February 22, 2013

Second Sunday of Lent / Msgr. Owen F. Campion

The Sunday Readings

Msgr. Owen CampionThe Book of Genesis is the source of the first reading. It is a story about Abraham, whom the Jews regard as the father of their race. In addition, Abraham is seen as the spiritual father of all who know and honor the one God, hence he is a special figure in the religious traditions of Christians and Muslims.

Scholars believe that Abraham was an actual person. He is not the figment of imagination, nor a figure constructed in some literary effort. He actually lived.

Several points are important in hearing, or reading, this passage. The first is that God communicates with Abraham, so God is in Abraham’s world. God, however, is above and beyond Abraham’s world. So Abraham does not relate to God as if God were an equal.

Requiring Abraham to sacrifice an offering, God establishes both the divine distance from humans and the divine intimacy with humans. Humans must acknowledge God’s supremacy, and so they offer sacrifice. Yet, God is with them.

Abraham himself is human. He is vulnerable. The sun sets. He is terrified. Without God, he is at risk, powerless before the elements, helpless before whatever might come. Not only does God protect Abraham but gives him, and his descendants, the security of a land of their own when possession of land was the only genuine safeguard.

The second reading is from St. Paul’s Epistle to the Philippians. Philippi was one of those cities, Greek by background, its name honoring the father of Alexander the Great, in which a Christian community had formed. Paul wrote to these early Christians to give them direction and encouragement. His encouragement and guidance rested solely in Jesus, so he expanded the Philippians’ knowledge of Jesus. He challenged them to be more loyal and fervent disciples.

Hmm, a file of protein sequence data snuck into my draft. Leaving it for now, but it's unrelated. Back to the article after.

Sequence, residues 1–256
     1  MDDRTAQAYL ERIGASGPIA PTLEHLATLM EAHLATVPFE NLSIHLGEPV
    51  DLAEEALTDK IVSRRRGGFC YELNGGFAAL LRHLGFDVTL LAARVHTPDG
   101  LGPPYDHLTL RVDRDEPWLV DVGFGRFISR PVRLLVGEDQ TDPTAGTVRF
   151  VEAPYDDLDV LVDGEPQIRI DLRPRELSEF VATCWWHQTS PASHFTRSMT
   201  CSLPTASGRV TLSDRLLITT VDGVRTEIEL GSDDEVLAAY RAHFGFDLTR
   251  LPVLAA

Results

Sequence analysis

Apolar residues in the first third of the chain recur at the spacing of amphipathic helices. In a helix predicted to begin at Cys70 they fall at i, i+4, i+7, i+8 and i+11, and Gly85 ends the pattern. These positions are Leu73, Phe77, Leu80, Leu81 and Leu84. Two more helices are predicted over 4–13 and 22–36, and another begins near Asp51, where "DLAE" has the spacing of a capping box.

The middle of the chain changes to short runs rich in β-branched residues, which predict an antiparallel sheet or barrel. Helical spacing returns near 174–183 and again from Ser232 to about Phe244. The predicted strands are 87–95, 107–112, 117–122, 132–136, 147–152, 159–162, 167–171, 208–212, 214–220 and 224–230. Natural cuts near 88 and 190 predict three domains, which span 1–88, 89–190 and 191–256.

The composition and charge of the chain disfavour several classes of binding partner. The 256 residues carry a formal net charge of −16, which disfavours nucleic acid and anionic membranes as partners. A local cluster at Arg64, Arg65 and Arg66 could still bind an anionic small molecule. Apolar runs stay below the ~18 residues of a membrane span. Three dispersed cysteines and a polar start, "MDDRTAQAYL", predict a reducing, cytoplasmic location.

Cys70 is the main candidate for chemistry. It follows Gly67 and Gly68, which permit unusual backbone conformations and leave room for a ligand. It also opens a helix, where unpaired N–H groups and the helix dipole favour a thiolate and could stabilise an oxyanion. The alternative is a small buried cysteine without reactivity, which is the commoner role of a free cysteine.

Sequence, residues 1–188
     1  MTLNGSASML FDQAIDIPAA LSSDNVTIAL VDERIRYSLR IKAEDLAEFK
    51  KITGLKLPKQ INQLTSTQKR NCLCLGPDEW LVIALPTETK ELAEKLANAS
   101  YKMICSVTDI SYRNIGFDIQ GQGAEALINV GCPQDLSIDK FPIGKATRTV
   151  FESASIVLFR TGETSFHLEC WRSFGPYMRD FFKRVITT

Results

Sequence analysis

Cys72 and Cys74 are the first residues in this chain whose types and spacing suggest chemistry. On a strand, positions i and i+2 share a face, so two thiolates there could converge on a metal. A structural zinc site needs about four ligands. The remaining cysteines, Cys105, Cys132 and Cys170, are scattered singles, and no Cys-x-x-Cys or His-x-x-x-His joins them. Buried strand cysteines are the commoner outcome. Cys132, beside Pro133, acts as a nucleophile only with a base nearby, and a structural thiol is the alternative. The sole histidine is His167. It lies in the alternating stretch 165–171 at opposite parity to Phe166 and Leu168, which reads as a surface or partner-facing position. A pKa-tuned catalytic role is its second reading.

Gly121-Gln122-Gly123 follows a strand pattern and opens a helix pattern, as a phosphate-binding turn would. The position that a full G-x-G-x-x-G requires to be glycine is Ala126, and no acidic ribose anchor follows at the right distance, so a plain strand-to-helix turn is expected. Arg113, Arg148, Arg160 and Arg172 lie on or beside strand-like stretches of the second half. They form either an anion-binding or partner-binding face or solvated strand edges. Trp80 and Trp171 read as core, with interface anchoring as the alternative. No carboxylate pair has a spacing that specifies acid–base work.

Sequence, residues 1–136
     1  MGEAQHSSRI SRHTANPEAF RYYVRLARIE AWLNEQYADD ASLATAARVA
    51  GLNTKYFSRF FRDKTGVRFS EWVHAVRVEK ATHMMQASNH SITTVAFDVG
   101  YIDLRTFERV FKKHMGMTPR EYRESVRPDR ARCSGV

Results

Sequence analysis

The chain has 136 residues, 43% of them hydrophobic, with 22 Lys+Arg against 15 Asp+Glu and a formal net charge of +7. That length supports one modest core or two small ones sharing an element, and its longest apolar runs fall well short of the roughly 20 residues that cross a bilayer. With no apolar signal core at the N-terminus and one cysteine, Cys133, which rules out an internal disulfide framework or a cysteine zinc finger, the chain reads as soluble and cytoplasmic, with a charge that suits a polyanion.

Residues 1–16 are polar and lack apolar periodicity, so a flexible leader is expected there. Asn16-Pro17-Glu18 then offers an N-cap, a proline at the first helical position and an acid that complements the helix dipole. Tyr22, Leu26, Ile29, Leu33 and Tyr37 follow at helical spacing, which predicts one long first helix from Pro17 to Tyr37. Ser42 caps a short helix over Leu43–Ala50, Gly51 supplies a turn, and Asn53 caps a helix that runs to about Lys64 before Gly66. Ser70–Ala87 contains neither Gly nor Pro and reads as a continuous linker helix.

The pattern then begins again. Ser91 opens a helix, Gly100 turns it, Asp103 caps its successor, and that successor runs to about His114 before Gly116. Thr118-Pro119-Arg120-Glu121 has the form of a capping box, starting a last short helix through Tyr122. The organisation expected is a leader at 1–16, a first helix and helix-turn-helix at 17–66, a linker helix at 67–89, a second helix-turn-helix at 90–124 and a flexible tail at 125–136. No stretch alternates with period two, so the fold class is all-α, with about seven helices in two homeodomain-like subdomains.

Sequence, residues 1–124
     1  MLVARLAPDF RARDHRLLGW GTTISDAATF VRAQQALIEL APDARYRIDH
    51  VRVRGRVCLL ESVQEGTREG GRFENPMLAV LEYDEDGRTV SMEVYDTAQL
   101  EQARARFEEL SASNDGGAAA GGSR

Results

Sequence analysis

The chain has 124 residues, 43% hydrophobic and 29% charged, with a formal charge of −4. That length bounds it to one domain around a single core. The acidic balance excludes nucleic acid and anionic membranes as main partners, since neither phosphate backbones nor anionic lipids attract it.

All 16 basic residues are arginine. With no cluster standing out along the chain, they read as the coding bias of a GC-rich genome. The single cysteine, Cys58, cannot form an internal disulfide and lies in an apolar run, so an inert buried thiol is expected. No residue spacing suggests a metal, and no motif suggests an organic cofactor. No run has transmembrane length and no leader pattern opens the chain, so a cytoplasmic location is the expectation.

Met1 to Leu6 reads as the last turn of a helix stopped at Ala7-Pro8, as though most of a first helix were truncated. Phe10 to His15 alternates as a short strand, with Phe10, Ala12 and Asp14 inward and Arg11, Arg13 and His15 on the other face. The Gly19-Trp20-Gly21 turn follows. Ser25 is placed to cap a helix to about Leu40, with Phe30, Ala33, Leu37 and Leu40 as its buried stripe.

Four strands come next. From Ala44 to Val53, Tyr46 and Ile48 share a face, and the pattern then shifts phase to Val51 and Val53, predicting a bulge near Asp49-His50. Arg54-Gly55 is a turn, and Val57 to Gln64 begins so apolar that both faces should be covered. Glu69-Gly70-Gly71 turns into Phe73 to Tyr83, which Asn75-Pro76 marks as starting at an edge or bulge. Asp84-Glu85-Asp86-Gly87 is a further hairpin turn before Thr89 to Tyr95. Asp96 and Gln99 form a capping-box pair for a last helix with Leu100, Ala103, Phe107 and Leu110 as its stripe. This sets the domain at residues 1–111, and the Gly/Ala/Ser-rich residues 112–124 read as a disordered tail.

St. Paul says in this reading that human beings are imperfect, even without their willful sinning. Human bodies are “lowly,” the Apostle declares. Christ elevates and restores humans. In Jesus, by the grace of God, human beings never die if they earnestly follow the Lord.

St. Luke’s Gospel provides the last reading, Luke’s brilliant and powerful story of the Transfiguration, a story found also in Mark and Matthew. Certain terms were highly meaningful to the Jews who first heard this story. Brightness was a symbol of divinity. So was the cloud. Standing between the great prophets, Jesus appears thoroughly rooted in the long tradition of God’s care, direction and protection in relationship with the Chosen People.

It all signals the eternality and sublimity of God—now reposing in the Lord.

Peter, James and John were with Jesus. They knew Jesus. They interacted with Jesus. They certainly saw the human characteristics of Jesus. Yet in this situation, they saw the divinity of Jesus because the Lord showed them this divinity. On their own, they were unable to see it.

Reflection

We progress in Lent. The Church offers us several important lessons to strengthen us in our Lenten resolve, and ultimately in our Christian commitment.

Before truly learning anything about Jesus, before fully absorbing the meaning of the Transfiguration, we must come to the basic conclusion that we humans are limited, even though coming to this conviction is difficult. It is a flaw that settled upon human nature with Original Sin. In our human limitation, we are shortsighted, even blind very often. Ultimately, no human escapes the final limitation. We all shall die.

God does not leave us, as God never left Abraham. God is neither distant nor impersonal. He comes to us in Jesus. He loves us in Jesus, the Son of God. Jesus is our only hope, our only access to true and eternal life. God reveals the wonder of divine love in Jesus.

Do we respond? Lent is the opportunity to ponder and to respond. †

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